Saturday, January 22, 2011

East Harlem, The Basics 3 (With Special Tips for East Harlem Dog Owners!)

Heather and her two dogs have lived here in East Harlem for three years, and she has some great suggestions and tips for East Harlemites and their pups! Thanks so much, Heather!

Coffee: Savoy Bakery is amazingly good (and super fresh) pastries, bread, pork buns (!!), coffee, lattes, iced coffee, etc. Worth every penny.
170 E 110th St (between Lexington Ave & 3rd Ave)

Check out the East Harlem NYC's Savory review.

Take-out/Delivery: Dreamers Pizza is a custom/gourmet pizza/Italian/American food place. The food is always delivered in a timely fashion, and I’ve never had a “bad order.” I'd recommend the lasagna pizza, penne ala vodka, calzones, hero sandwiches and more.
1850 3rd Ave (between 102nd St & 103rd St)

Pizza: A slice at Patsy's is by far the best “experience” of a slice of in NYC –– coal oven, delicious, and thin. Buy a pie ($11) vs. buying 2 slices ($3.50) as you can heat it up and eat it later! Note: cash only! And, this is the REAL deal / old school Patsy’s.
2287 1st Ave (between 117th St & 118th St)

Check out East Harlem NYC's Patsy's review.

Another slice that is rated in the category of “more bang for your buck” would be Sam’s Famous Pizza. HUGE slices at a cheap price. And, right next to the subway.
150 E. 116th St. and Lexington

Mexican Food:
El Paso Taqueria is an authentic/gourmet Mexican restaurant with cute back patio area.
237 E 116th St, (Btwn 2nd & 3rd Ave)

Fierce Spa! I have spent the past 3 years looking for a nail salon that is priced accordingly for the neighborhood, doesn’t stink like acrylic when you walk in the doors, and is CLEAN … this brand new salon (opened in Sept. 2010) fits the bill. Cute, pink d├ęcor and priced right. Book an appointment with Guadalupe.
349 E 117th St (between 2nd Ave & 1st Ave)

Nice View of Manhattan:vMarcus Garvey Park – upper level. Take the stairs up on a nice day. You can see downtown, uptown, etc.
Madison Avenue and East 120th Street

Target, Costco, Pathmark, Associated, etc. Tons of supermarkets in the neighborhood. I shop at all of them as I check sales and like the variety of offerings each has.

Especially for the Dog Owner:
from 9pm to 9am (everyday) dogs can be off-leash in Central Park. A nice community of dog owners meet up in the off leash areas every morning. I have met numerous new friends via the off leash areas as all the owners talk to each other as their dogs play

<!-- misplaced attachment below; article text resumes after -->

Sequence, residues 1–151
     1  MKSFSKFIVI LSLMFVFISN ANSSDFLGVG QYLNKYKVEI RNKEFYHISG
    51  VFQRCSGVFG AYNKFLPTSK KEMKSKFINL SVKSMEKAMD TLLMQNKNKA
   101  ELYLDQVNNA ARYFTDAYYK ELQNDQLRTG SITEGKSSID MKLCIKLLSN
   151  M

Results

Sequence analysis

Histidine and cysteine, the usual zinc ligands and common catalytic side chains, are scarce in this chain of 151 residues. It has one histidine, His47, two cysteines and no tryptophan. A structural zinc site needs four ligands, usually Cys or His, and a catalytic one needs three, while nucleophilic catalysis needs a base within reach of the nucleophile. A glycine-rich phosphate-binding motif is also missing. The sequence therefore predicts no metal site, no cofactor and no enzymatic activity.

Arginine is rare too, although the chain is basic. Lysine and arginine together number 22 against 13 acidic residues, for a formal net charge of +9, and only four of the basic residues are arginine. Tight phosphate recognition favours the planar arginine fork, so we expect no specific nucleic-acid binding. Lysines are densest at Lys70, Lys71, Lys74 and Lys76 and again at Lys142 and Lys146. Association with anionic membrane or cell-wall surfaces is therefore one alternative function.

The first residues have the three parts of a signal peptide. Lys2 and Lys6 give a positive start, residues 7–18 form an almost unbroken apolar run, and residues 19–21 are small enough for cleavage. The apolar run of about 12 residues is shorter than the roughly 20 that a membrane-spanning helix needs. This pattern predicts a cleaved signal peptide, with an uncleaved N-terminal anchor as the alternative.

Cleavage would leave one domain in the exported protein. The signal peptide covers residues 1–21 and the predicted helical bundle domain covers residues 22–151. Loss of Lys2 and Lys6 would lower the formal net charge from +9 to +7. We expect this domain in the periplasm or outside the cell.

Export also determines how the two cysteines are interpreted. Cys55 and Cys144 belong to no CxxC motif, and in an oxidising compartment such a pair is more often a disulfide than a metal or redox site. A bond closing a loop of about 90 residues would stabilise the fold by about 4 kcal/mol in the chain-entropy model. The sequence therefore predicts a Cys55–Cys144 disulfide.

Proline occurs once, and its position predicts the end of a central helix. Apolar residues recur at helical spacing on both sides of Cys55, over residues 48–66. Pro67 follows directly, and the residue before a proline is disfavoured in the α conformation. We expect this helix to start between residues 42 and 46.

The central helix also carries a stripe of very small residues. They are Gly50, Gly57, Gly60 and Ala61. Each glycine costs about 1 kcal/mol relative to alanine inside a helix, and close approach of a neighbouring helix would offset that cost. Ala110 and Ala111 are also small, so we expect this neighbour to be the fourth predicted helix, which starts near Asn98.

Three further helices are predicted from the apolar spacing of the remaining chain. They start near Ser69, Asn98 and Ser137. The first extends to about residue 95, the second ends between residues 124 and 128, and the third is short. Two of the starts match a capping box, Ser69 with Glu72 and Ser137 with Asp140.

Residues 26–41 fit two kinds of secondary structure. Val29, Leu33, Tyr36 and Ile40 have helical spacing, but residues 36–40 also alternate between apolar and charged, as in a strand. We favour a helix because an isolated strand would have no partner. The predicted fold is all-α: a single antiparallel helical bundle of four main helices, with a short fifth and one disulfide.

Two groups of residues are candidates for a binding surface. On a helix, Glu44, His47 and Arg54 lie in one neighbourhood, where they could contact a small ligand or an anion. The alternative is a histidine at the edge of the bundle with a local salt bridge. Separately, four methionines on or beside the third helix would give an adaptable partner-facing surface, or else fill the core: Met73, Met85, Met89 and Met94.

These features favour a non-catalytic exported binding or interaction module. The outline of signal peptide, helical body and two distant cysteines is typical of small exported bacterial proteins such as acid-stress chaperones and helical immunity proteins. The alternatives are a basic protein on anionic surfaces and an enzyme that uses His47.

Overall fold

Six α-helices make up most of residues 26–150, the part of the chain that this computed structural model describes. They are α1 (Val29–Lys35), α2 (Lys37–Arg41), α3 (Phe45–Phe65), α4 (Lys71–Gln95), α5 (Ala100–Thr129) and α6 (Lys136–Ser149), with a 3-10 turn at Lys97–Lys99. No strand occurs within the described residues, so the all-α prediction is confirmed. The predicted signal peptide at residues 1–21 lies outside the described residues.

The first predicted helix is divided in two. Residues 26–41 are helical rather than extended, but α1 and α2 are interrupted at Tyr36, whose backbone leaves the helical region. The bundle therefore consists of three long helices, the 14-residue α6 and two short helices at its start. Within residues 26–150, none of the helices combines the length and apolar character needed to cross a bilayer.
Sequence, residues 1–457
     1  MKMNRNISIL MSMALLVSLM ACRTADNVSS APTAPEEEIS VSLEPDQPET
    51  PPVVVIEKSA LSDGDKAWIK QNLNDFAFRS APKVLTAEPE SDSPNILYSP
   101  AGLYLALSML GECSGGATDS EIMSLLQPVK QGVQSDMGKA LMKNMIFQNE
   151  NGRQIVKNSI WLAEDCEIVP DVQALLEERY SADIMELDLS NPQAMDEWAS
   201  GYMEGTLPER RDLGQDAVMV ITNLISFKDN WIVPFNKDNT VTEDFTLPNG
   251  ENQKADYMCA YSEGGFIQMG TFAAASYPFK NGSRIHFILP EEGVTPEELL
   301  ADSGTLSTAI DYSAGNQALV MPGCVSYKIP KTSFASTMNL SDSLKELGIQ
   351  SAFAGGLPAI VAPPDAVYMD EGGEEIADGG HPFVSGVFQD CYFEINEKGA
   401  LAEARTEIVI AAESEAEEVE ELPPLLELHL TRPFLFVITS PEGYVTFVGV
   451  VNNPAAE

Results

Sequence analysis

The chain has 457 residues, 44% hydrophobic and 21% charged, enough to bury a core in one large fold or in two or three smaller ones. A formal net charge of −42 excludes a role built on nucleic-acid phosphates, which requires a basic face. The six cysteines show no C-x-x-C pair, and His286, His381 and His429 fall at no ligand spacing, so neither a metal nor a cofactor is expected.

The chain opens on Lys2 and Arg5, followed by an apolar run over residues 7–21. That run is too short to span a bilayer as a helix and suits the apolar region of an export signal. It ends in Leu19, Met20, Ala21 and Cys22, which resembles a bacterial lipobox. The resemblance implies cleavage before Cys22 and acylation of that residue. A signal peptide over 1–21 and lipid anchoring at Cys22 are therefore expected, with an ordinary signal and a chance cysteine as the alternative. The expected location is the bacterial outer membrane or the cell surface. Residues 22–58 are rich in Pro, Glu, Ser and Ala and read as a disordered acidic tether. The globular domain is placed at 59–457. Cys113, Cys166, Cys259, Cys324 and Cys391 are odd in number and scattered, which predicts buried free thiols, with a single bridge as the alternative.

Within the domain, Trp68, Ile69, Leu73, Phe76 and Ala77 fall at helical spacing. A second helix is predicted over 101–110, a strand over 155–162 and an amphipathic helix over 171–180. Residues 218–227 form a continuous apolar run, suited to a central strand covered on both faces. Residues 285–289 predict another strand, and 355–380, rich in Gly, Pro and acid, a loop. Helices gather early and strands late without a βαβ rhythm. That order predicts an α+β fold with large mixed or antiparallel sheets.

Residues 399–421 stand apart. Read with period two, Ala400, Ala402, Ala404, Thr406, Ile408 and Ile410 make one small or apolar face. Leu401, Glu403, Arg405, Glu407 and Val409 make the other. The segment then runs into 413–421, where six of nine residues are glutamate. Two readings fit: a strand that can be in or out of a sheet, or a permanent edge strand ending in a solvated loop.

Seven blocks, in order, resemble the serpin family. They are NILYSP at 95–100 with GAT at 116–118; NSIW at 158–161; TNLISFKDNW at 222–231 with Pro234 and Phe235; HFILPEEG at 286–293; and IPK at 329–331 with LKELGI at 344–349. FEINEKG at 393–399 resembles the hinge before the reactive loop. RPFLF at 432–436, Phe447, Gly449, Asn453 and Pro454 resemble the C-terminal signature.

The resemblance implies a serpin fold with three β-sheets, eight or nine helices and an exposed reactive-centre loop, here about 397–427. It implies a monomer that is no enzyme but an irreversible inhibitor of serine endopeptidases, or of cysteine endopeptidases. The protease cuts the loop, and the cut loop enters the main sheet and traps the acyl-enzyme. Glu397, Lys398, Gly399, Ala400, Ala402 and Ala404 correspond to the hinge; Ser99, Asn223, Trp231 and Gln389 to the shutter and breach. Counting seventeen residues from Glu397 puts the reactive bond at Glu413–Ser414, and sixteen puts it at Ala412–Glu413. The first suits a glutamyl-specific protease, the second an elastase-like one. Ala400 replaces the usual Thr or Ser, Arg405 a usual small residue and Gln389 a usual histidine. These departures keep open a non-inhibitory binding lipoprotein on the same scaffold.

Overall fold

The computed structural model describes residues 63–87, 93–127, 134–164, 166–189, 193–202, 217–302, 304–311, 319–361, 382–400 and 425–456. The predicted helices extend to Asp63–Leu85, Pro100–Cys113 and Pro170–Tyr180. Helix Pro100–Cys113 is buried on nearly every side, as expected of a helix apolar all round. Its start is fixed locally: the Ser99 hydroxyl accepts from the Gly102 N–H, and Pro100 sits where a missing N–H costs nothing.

Check out this handy map on off leash Central Park areas (a must for Harlem dog owners!)
I take my 2 dogs (off leash) to the Harlem Meer (enter at 110 Street and Fifth Ave), Great Hill, etc. almost every morning.

Randalls Island Park has off-leash hours from 7am to 3pm (everyday). And, killer views of Manhattan top off this experience of letting your dog(s) run free on this island.
To get to Randall’s – either take Triborough bridge (aka RFK Bridge) pedestrian walkway or the 103rd Street Pedestrian Bridge on the East River. (note: 103 street pedestrian bridge is under construction till mid-2011 – check for updates)

If you're an East Harlemite and would like to tell us your "Basics" shoot me an email.

De La Vega Fine Art

You may have noticed that James De La Vega has been quite prolific lately. "Become Your Dream" has been sketched everywhere from the Upper East Side to way up in Harlem, and the slogan has been on everything from from toilets to all sorts of trash that piled up during the snow storms. Sammy Davis (not JR) the vintage fashion stylist and entrepreneur spotted an object d'art on her street corner and snapped it up to decorate her pad.

Sammy says:
The artist, De La Vega, does this to things around the city that are in the "trash." Pieces of furniture, mattresses ... the sidewalk with chalk ... etc. I see it often just at the right moment. Once I saw "Become Your Dream" after finishing a run in Central Park, chalked on the sidewalk as I left the 110th street entrance. It's a beautiful thing and I thank De La Vega for passing along his message with such guerrilla tactics!

Check out Sammy Davis Vintage.

Sunday, January 9, 2011

Vinyl Wine in Edible Manhattan

East Harlem has been in desperate need of a a good wine shop for some time, and this past summer we finally got one -- Vinyl Wine. After checking out the store's great selection and awesome vibe, I thought the shop, and the story of the changing East Harlem scene, would make a great piece for one of my favorite foodie magazines Edible Manhattan. Luckily for me, Edible's editors agreed, and my article is in the newest issue, on newsstands now!

Here's a preview of the piece:

Axl Rose and his glass of wine hold court on one whitewashed brick wall, a record player in the corner plays Sharon Jones then Arcade Fire, the cash register sits on a desk embedded with speaker parts, and behind that desk sits a floppy-haired guy you'd expect to own a record shop. But the wooden bins and plastic crates that line the walls of this narrow store are filled not with records but with organic and natural wines made by small, relatively unknown producers. And, instead of being located on Bleecker or in Brooklyn, the aptly named Vinyl Wine sits between 99th and 100th streets, right on the cusp of East Harlem.

If you haven't checked out Vinyl Wine already here are the details:
Vinyl Wine
1555 Lexington Ave
(between 99th St & 100th St)
Manhattan, NY 10029